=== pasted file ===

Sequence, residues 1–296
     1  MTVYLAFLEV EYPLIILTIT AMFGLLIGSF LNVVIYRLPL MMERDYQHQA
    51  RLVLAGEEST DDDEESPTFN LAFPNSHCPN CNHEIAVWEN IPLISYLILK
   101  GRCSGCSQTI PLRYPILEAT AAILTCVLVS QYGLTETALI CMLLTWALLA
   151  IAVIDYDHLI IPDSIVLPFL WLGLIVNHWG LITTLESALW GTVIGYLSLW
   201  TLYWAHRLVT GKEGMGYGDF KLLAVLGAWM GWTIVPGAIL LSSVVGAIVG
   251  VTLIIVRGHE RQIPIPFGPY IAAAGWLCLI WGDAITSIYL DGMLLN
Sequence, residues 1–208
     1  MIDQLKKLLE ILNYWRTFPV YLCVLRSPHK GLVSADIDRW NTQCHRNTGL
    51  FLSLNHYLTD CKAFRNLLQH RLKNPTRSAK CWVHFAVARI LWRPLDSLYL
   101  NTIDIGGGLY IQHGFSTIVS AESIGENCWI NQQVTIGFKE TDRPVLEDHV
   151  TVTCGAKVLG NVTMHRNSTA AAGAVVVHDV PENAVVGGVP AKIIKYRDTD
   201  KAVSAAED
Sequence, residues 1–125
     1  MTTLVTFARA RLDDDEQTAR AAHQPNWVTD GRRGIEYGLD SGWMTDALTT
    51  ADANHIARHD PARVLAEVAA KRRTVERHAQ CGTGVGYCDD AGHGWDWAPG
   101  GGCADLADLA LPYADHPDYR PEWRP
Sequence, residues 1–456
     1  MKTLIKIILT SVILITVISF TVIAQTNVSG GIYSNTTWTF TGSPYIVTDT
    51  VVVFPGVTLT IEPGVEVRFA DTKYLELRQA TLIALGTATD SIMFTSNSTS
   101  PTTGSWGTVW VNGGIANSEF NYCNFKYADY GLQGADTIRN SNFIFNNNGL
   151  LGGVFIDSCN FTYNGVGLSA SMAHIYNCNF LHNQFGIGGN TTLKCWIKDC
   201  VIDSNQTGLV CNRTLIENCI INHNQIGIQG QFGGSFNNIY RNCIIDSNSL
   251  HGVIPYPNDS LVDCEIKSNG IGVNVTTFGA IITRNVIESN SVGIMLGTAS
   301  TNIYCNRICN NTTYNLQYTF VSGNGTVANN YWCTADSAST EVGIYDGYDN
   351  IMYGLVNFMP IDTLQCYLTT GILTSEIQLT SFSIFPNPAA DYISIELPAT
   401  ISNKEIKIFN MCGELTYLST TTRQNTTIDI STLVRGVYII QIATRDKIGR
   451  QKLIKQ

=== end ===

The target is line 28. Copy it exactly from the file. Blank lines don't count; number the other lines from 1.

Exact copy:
   451  QKLIKQ